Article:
Perpetual Inventory System – A Detailed Guide

Perpetual Inventory System

Inventory is an asset to a company but when not managed properly, it can become a liability. Inventory management is a crucial part of warehousing and fulfillment centers. It ensures smooth, accurate, and timely order fulfillment. There are many inventory management methods, out of which Perpetual Inventory System is one of the highly adapted methods among businesses. 

Perpetual inventory system manages the inventory ‘perpetually’ i.e., in real-time. It helps businesses stay up-to-date and provides better insights into inventory. But is it the best choice for your business? Let’s find out! 

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All About Perpetual Inventory System 

Inventory management of a business defines the quality of its order-fulfillment service. It has to be accurate and smooth to retain customers and stay ahead in the industry. Unfortunately, choosing a suitable method for your business isn’t easy. According to Compunnel Digital, 21.6% of companies are unsure which inventory management method suits their business. 

Many businesses favor the perpetual inventory method because of its real-time updates and accuracy over other traditional methods. Continue reading this article to know more about it. 

What is Perpetual Inventory System? 

A perpetual inventory management system is an inventory accounting method that uses real-time tracking. It updates the data as soon as stock is added or shipped through every point of sale. Records get automatic updates for purchases and returns as well.

The president of Max Muller & Associates LLC and Author of “Essentials of Inventory Management,” Max Muller says, 

“Perpetual inventory systems keep track in real-time. It uses software to follow the rules, keep the system up-to-date, and it works great. I recommend doing 3D-counting, where you count cross-sections often enough to account for the whole over time. You could consider this perpetual, but it would need to be software-driven and follow the rules or do a variation.” 

To track inventory in real-time, a perpetual inventory system makes use of barcode scanning, radio frequency identification (RFID) scanners, and inventory management software. All the technologies and modern cloud-based software make perpetual inventory systems more practical. Additionally, it empowers financial and accounting departments and speeds up the process. 

Process of Perpetual Inventory System

In a perpetual inventory system, inventory accounts are updated in real-time as soon as goods are bought and sold. Here is a quick run-through of how this system works: 

 
1. Point-of-sale systems update the inventory levels
As soon as a sale happens, point-of-sale systems apply the debit to the inventory accounts across all sales channels. 
 

2. Cost of goods sold is updated automatically 
The cost of goods sold (COGS) gets calculated every time goods are sold or received. COGS is calculated as 


 
3. Frequent monitoring of reorder points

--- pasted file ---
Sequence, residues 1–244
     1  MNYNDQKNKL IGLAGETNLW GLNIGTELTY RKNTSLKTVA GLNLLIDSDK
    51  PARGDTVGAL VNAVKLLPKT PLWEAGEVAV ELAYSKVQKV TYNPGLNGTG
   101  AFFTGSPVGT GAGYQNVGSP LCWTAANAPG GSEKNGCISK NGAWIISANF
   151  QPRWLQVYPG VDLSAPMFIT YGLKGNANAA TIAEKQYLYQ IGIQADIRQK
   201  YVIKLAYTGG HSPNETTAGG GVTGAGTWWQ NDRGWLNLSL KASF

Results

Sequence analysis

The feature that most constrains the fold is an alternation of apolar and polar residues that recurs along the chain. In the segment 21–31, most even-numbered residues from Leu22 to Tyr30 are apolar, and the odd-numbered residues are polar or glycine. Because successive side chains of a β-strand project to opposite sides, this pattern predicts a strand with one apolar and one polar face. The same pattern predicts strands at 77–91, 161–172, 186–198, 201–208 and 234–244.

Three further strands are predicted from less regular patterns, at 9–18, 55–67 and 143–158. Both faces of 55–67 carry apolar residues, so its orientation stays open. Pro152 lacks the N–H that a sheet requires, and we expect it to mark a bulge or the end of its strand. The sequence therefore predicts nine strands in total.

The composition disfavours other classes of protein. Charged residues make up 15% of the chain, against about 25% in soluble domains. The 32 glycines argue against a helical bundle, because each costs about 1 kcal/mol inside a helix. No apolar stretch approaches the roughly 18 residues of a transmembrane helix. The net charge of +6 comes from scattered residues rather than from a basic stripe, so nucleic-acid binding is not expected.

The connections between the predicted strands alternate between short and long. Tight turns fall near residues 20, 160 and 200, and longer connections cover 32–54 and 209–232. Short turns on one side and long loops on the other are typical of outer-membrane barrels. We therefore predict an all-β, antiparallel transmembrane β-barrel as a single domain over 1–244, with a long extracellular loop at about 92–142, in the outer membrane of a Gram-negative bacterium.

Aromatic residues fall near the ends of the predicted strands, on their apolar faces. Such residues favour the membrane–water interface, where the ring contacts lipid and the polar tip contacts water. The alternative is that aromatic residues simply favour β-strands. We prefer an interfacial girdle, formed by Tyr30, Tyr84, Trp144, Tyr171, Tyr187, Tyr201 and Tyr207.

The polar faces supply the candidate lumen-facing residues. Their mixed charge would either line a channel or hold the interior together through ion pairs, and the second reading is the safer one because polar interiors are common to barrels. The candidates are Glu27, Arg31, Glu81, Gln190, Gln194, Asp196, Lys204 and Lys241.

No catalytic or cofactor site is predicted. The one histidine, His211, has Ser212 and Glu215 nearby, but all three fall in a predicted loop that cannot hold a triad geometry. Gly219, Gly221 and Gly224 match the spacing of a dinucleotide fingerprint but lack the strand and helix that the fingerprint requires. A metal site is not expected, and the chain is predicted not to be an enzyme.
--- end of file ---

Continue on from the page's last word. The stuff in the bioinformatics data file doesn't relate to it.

A perpetual inventory system automatically updates the reorder point based on sales to keep an acceptable amount of inventory all the time. 
 
4. Purchase orders are automatically generated 
Whenever a reorder point is hit for a product, a purchase order is generated automatically and sent to the suppliers. 
 
5. Received products are scanned and updated into the inventory 
When new goods arrive at the warehouse, a warehouse management system (WMS) scans them and updates them automatically in the inventory accounts across designated sales channels.

Difference between Perpetual Inventory System and Periodic Inventory System

Businesses that use Perpetual Inventory System

Automation is becoming a significant part of many businesses as it reduces human errors and improves accuracy within the system. However, when it comes to a perpetual inventory system, it is beneficial for few types of businesses. 

The perpetual inventory system is best for businesses with multiple warehouses and large amounts of inventory. The system helps them maintain transparency and process the order quickly. 

For example, you own clothing business and you receive an order for a Halloween costume in the month of March, which is rare. Now how will you find the costume across all your warehouses? Well, with the implementation of a perpetual inventory system, you can sit back and relax because with one click you can look for the costume across all your warehouses and fulfill the order with ease. 

Small and medium-size businesses (SMBs) that are looking to grow rapidly can adapt to this method of inventory management. Additionally, it is a good solution for drop-shipping companies. Their products are always moving and to keep track of them, it is better to have real-time tracking in place.  

Different Types of Perpetual Inventory System

There are different ways to track inventory in a perpetual inventory system. It depends on the type of cost-flow assumption method you are using.